5 Things Millennials Are Doing That Might Surprise You

Lots of assumptions are made about the most-analyzed generation ever, but you might be surprised by what they’re really doing…

Keeping up with Millennials can be tough. They inspire headline after headline every day—the sheer volume of information about them is the whole reason we have a curated newsfeed and newsletter devoted to hand-picking the most-important, relevant data and insights on young consumers. But even if you pay close attention to the way that Millennials and teens are shifting markets and changing industries, there are some things they’re doing that still might surprise you. Here are five behaviors that might not fit your idea of the generation, but they are in fact doing anyway…

1. COUPONING

Think using coupons is too old school for young consumers? Not so fast. Millennials are a generation of coupon “clippers”—though they’re mostly using them digitally of course. Bloomberg reports that almost 90% of Millennials say they use coupons, but while their parents cut the paper kind, young consumers are turning to sites like RetailMeNot and Gilt City to find their discounts and deals. A Ypulse monthly survey found that 92% of 13-33-year-olds have used a discount code online. In the end, their savings amount to the same as they did in the days of scissors and circulars. Traditionally analog coupon distributers like SmartSource and Valpak are finding ways to digitize, and the latter reports that almost 2 million coupons have been printed through their app and mobile site. Shortcuts are also being created for shoppers who favor digital savings: Chrome extension Honey scans any online shopping basket and applies all the coupon and sale codes available for the site automatically. Email is another couponing source for budget-conscious Millennial shoppers. A recent shopper…

 
 

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The Newsfeed

“I observe holidays and religion-based traditions but am more connected to it as a culture than as a religion.”—Female, 27, MA

Chinese youth have a “selfie obsession” that’s changing beauty standards and creating a new tier of celebrity. The Influencer Effect is full blown in China, where young consumers are beautifying their selfies via filter apps like Meitu and plastic surgery—all in the quest to look more like wang hong, their internet celebrities. One influencer, HoneyCC, argues that “Selfies are part of Chinese culture now, and so is Meitu-editing selfies.” But some say the trend is pushing the population to become more homogenous by favoring certain features, and headlines have lashed back against the whitening of skin prevalent in social apps. (The New Yorker)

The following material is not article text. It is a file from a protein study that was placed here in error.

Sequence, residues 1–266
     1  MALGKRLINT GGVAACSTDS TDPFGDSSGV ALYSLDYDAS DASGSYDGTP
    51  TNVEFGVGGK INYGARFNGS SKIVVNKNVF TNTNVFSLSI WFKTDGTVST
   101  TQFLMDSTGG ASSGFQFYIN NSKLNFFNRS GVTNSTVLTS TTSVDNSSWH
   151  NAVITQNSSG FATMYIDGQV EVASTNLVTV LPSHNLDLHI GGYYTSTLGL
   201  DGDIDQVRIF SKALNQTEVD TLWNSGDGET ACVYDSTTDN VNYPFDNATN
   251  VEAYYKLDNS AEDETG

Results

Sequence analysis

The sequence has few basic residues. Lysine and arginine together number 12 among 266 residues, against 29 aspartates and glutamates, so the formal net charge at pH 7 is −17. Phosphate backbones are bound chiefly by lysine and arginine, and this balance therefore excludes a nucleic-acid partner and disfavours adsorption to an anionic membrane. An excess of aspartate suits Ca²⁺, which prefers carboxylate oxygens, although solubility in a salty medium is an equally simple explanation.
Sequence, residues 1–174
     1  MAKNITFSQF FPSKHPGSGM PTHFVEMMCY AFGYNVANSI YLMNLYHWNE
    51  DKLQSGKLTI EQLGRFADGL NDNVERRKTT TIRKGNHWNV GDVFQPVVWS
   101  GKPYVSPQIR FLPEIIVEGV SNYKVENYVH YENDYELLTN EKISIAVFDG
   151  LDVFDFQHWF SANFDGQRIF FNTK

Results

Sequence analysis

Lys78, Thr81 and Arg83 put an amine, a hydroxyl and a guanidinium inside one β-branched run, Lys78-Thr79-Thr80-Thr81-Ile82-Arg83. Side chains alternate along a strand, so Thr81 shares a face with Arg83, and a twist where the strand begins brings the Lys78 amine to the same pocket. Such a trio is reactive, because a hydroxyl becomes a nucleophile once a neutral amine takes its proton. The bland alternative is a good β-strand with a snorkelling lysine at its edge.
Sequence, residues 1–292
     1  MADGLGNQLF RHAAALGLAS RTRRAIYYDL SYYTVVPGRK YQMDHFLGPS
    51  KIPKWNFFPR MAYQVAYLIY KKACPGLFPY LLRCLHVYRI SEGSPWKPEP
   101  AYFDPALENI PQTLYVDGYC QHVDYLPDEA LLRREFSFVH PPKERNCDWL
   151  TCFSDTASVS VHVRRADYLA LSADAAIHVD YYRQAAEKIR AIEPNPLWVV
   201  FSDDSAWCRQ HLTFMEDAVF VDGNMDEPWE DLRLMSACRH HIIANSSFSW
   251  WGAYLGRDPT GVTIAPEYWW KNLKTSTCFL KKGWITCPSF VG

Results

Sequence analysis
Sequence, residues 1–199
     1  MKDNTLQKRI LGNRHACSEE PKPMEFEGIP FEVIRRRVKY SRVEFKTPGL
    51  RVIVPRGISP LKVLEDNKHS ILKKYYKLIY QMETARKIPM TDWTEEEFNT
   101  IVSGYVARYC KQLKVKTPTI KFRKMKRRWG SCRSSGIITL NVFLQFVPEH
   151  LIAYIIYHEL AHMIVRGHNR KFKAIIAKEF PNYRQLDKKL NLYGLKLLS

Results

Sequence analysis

Eighty-one percent of Bustle, Romper, and Elite Daily’s Millennial readers say social media is the best way for advertisers to reach them. Bustle’s latest questionnaire also found that 40% of their 18-34-year-old readers prefer Instagram for brand communications, followed by trusted websites, email, and online articles. Some other fun insights: Over half believe that a company should give back, instead of just turning a profit, and 49% think “companies should do more to protect the environment.” (Adweek)

Drug use is down among teens—except when it comes to marijuana and vaping. From the 1990s to 2017, the percentage of teens who said they’d been drunk dropped from 46% and 58%, and those reporting they’ve smoked cigarettes from 26% and 17%. However, marijuana use increased for the first time in seven years in 2017, while vaping is up as well, with at least 19% of high school seniors, 16% of sophomores, and 8% of eighth-graders saying they’ve vaped in the past year. (LATimes)

Two modern dating shows are coming to Facebook Watch. The first “unscripted dating show” from SoulPancake, Love & Longitude, is shot on iPhones and shows two potential love interests’ relationship blossoming across FaceTime, social media, and other digital interactions. The second dating show from Machinima, Co-Op Connection, plays into the esports craze. One bachelor gets to pick his partner based on their personality—and their skills at the videogame, PlayerUnknown’s Battlegrounds. (tubefiltertubefilter)

Some cities are past their “peak Millennial” populations, as the generation increasingly finds new digs in the suburbs. Boston, Chicago, and Los Angeles all reached their highest Millennial population in 2015, and New York and Washington D.C. are showing slowing Millennial growth, according to U.S. Census data. Meanwhile Chicago’s suburbs and others have seen an uptick in their young adult populations—another Millennial myth debunked. Which urban centers are still attracting the demo as they age up? “Tech hubs” like Seattle and San Francisco. (Time)

“Crochet and knitting are very relaxing, therapeutic, and have tangible results."—Female, 31, AL

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